Friday, 29 November 2013

Three Flags; a Real Compromise?

noun: compromise; plural noun: compromises
  1. 1.
    an agreement or settlement of a dispute that is reached by each side making concessions.

This is pretty much a rehash of an earlier blog, only without the ‘frilly bits’.

Those who have stumbled across my rants over on may well think me obsessed on the topic of flegs.

Though, to be fair, many people from NI are guilty of this too methinks.
Jamie and Willie: Like flegs

The hot potato of the year is of course the Union Flag flying (or not flying) from Belfast city hall.

After a year of reading the contributions, points and feelings of nationalist and republican commentators on Sluggerotoole, I have to say that I’ve come to see things differently than before.

I now (belatedly) accept their grievances about not feeling represented in their own city or land given that they have little or no affection for the Union Flag.

So, in the interests of keeping the peace, live & let live, equality and even letsgetalongerism I admit that this imbalance needs to be addressed.

“Equality, equality, equality “are the buzzwords of choice to galvanise arguments for addressing the matter.

I heartily agree.

As long as ‘equality’ isn’t something that can be surgically altered to fit a particular agenda.

I think everyone should be represented.

I also agree that we want the communities to have more respect for each other.

Which is why I can’t agree to the idea of flying the Tricolour and the Union Flag side by side.

It is too divisive.

Optimists may view it as progress, as a sign of two communities finally coming to terms with each other.

I view it as potentially toxic.

It says to me (and I’m a wishy washy middle of the road liberal) “CHOOSE!”.

There are those with the strength of character and integrity to see the very best aspects of this solution but there are many more who don’t.

And I’m not even talking about the likes of Willie Frazer or Jamie Bryson.

For decades we’ve seen these flags used as territorial markers.

For decades we’ve come to see the flags in terms of ‘themuns and oursuns’.

The hullaballoo surrounding last year’s flegger-geddon only compounded this.

Simply put, having the two flags flying alongside each other will simply be viewed as a constant declaration of “this one is for us lot and that one is for themuns”.

Hardly the stuff to heal wounds or allay suspicions and paranoia.

Also, it goes without saying that many unionists will view it as another ‘victory’ for Republicanism.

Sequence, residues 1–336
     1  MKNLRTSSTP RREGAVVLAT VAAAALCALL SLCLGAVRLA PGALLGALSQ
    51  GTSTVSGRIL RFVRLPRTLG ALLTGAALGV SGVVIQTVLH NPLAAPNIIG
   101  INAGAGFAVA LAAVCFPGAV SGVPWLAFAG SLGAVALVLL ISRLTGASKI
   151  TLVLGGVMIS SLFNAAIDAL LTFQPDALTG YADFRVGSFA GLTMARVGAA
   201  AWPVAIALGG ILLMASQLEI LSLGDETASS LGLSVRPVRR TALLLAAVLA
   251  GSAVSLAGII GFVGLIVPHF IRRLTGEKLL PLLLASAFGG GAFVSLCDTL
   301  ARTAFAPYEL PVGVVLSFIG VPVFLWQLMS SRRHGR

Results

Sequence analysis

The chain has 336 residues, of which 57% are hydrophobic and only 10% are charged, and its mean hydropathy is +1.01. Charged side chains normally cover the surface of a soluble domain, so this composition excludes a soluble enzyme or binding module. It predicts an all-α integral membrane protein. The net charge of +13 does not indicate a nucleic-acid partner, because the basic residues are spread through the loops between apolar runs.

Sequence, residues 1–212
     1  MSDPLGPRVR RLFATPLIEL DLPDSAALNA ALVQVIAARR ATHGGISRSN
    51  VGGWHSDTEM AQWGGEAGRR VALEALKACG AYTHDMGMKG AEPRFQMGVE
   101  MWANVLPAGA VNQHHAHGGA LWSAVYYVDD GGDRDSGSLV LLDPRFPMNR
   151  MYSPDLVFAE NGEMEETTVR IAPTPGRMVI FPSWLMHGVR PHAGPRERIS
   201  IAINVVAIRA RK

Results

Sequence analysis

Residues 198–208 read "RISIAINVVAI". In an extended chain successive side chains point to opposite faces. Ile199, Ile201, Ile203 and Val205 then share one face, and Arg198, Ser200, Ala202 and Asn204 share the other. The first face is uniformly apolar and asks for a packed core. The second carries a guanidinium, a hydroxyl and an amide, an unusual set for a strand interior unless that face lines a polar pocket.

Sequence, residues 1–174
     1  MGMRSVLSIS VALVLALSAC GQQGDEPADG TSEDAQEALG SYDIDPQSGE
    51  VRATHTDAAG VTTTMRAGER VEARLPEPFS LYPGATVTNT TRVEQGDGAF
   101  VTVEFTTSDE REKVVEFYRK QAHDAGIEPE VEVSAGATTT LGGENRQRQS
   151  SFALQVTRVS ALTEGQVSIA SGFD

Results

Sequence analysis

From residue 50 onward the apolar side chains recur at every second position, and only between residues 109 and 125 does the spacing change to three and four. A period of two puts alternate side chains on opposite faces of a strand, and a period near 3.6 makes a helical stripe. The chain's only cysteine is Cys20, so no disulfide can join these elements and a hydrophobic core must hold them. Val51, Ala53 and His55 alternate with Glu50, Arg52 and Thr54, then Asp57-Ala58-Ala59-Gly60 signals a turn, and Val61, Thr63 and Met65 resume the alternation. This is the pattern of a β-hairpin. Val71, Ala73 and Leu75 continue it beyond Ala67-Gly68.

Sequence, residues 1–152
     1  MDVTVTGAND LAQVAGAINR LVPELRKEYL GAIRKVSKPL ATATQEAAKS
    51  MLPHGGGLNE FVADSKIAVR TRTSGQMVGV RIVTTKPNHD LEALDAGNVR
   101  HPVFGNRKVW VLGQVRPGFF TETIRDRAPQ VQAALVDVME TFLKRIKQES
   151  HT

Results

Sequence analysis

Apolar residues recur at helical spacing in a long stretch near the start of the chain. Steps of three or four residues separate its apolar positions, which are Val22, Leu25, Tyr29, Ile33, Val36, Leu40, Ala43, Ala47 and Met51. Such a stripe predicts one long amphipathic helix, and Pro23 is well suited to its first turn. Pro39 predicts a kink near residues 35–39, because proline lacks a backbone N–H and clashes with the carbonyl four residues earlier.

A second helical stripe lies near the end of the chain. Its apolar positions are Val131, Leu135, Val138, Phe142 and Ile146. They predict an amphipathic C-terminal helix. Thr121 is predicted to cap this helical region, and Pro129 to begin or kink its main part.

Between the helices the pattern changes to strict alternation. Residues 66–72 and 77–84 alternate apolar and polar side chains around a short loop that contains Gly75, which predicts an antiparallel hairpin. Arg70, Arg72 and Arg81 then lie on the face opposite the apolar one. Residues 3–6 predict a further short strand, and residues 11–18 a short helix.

Which is why (predictably) I still stand by my proposal for flying three flags instead of one or two;              
1/ The Tricolour (for nationalists and republicans)
2/ The Union Flag (for 'bothered' unionists and 'British nationalists')
3/ A new Northern Ireland flag (for everyone who falls somewhere in between the two aforementioned poles)

I’ve aired this on Slugger a few times to test the water and whilst it hasn’t been taken into the bosom of many it has (more importantly) been neither convincingly mauled nor shot down, which, in slugger terms, I consider to be a victory.

There are many articulate people on there and I have been influenced by their arguments and points.

So for the notion to survive (or in one case actually be endorsed by a republican) is for me very encouraging.

The only attack on the proposal was an articulately dressed-up version of the ‘themuns have two flegs’ argument.

I acknowledged this potential argument when I proposed the scheme.

I also acknowledged that an equal amount of indignation would surface in the other camp at the very notion of a ‘foreign’ flag flying from city hall.

Sorry ladies and gents, but that’s compromise.

You might not particularly like the final result but you’re better off than before, in this particular case:   
 1/ Republicans and nationalists will have their flag flying and will thus be represented                                         
  2/ Unionists & British nationalists will have their flag flying (which is currently not the case in many nationalist council areas).
3/ Northern Irelanders, middle-of-the-roaders and such like will now have a flag to call their own and will be relieved at not being pigeonholed into either of the other two camps.